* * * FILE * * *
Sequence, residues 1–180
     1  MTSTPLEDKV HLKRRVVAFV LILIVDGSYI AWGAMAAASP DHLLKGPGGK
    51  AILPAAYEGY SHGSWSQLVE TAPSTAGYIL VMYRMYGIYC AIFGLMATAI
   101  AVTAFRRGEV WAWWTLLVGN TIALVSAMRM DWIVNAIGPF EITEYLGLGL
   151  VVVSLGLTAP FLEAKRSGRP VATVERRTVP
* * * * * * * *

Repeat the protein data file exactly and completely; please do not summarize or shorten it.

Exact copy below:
Sequence, residues 1–180
     1  MTSTPLEDKV HLKRRVVAFV LILIVDGSYI AWGAMAAASP DHLLKGPGGK
    51  AILPAAYEGY SHGSWSQLVE TAPSTAGYIL VMYRMYGIYC AIFGLMATAI
   101  AVTAFRRGEV WAWWTLLVGN TIALVSAMRM DWIVNAIGPF EITEYLGLGL
   151  VVVSLGLTAP FLEAKRSGRP VATVERRTVP